Saturday, July 30, 2005


Airport chiefs: Proposed screener cuts a bad idea
Senate measure would cut 6,000 TSA workers

By Thomas Frank

Airline passengers will face longer airport security lines starting
this fall if Congress goes through with plans to cut up to 13% of the
nation's checkpoint screeners, a top Transportation Security
Administration official said Thursday.

Thomas Blank, TSA's acting deputy administrator, said the Homeland
Security Department is fighting a Senate spending measure that would
cut 6,000 of the agency's 45,000 screeners.

The House voted to cut 2,000 screeners in the budget that takes effect
Oct. 1, Blank told a Capitol Hill hearing.

Rep. Hal Rogers, R-Ky., chairman of the House subcommittee that
oversees Homeland Security funding, disputed Blank's figures and said
the House is not cutting any screeners but is cutting unnecessary
management costs.

Airport directors predicted enormous lines if 6,000 screeners are cut
as air travel hits record levels.

“There's no one who's going to get through a checkpoint in 10 minutes,”
William DeCota, aviation director at Kennedy, LaGuardia and Newark
airports, said afterward.

Ben DeCosta, manager of Atlanta's Hartsfield-Jackson International
Airport, said the TSA told him Tuesday that the airport would lose
several hundred screeners under the Senate plan.

“I'm concerned that the lines would be over an hour and would go around
the building, through baggage claim, out the door and down the
sidewalks,” DeCosta said.

Blank told the panel that “very crowded airport lobbies are a security
threat” because so many people could be an inviting target for

The Senate slashed 6,000 screeners after rejecting an administration
proposal to add a $3 fee to airline tickets to help pay for aviation
security. Earlier this month, Sen. Robert Byrd, D-W.Va., called the
cuts “very unfortunate” and blamed them on a budgetary misunderstanding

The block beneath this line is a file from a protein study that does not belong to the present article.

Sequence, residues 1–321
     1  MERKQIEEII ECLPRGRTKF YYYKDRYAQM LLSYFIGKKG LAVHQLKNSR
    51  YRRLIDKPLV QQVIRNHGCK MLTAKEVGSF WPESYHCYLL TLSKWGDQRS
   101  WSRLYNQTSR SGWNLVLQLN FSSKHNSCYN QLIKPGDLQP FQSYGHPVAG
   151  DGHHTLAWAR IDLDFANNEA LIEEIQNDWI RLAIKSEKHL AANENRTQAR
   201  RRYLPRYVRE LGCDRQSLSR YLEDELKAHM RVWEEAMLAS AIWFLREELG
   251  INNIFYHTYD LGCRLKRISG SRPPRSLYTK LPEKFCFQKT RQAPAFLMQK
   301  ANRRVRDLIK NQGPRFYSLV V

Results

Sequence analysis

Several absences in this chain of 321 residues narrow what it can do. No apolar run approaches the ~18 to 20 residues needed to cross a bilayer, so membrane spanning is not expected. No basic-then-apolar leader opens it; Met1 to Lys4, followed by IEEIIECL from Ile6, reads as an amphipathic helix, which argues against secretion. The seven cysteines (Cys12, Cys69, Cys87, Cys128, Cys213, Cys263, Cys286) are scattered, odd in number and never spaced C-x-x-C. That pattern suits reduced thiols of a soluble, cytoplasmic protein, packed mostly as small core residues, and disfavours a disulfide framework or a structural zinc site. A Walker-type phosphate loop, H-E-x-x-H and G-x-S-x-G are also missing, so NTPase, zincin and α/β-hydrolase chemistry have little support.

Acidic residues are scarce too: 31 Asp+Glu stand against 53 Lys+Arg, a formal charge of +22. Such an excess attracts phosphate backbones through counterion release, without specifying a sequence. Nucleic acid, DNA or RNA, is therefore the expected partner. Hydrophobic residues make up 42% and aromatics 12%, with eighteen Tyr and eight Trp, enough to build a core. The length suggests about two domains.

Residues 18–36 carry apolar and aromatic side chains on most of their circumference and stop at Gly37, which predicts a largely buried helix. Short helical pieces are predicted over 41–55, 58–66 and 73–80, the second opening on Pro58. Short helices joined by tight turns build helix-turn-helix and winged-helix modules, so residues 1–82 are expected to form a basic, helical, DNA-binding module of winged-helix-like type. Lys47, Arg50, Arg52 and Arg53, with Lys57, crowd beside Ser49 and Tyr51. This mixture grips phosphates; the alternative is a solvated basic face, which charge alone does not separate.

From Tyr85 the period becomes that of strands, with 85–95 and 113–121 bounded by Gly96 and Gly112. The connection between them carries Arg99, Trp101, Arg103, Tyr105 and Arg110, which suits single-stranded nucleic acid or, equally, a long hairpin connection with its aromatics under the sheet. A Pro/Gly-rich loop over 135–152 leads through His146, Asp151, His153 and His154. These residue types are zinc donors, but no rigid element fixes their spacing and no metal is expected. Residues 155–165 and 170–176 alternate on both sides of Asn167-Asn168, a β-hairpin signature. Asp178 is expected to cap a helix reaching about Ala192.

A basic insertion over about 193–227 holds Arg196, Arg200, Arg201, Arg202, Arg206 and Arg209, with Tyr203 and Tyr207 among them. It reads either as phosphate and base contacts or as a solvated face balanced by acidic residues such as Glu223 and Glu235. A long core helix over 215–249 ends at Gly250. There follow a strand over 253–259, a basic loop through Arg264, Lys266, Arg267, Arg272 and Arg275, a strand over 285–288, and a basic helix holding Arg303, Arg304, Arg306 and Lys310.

about the process for raising fees.

The House plan cut 5% from the administration's proposal for screeners
but added $40 million to buy automated luggage-scanning machines that
require far fewer screeners to operate than are needed to handle manual
machines now in many airports.

Rogers said he was “pushing TSA to install next-generation
technologies” that would improve bomb detection in luggage, speed up
screening and cut personnel costs.

Rep. Norm Dicks, D-Wash., criticized the administration for not seeking
more money to meet airport demand for automated luggage scanners.
“There is a chance here for major savings,” Dicks said.

TSA's Blank said increased air travel is generating more fees for
airports, which “are sitting on some cash that they can invest” in

Blank testified the same day the TSA announced its annual
redistribution of screeners at the 441 airports where it provides
security. Airports will gradually lose or gain screeners in coming

The big winners: Las Vegas' McCarran International Airport, Houston's
Intercontinental and Los Angeles International Airport, which opened
seven new security lanes this month to alleviate some of the longest
lines in the USA. “It will be a great help,” LAX spokesman Tom Winfrey

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